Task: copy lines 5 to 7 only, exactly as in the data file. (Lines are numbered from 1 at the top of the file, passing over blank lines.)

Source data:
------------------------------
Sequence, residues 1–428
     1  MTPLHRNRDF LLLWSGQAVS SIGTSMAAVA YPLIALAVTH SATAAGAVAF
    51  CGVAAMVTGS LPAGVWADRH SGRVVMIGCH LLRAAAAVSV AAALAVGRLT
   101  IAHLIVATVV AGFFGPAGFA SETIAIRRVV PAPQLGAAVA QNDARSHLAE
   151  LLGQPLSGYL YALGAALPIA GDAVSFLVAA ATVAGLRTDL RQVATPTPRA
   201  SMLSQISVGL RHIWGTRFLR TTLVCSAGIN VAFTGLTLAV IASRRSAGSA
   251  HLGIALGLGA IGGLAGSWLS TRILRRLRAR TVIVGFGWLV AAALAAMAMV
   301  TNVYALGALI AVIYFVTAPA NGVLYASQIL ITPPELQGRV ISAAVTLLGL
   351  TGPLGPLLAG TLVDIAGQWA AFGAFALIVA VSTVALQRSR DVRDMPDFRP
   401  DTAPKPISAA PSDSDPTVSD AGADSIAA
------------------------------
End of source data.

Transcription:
   151  LLGQPLSGYL YALGAALPIA GDAVSFLVAA ATVAGLRTDL RQVATPTPRA
   201  SMLSQISVGL RHIWGTRFLR TTLVCSAGIN VAFTGLTLAV IASRRSAGSA
   251  HLGIALGLGA IGGLAGSWLS TRILRRLRAR TVIVGFGWLV AAALAAMAMV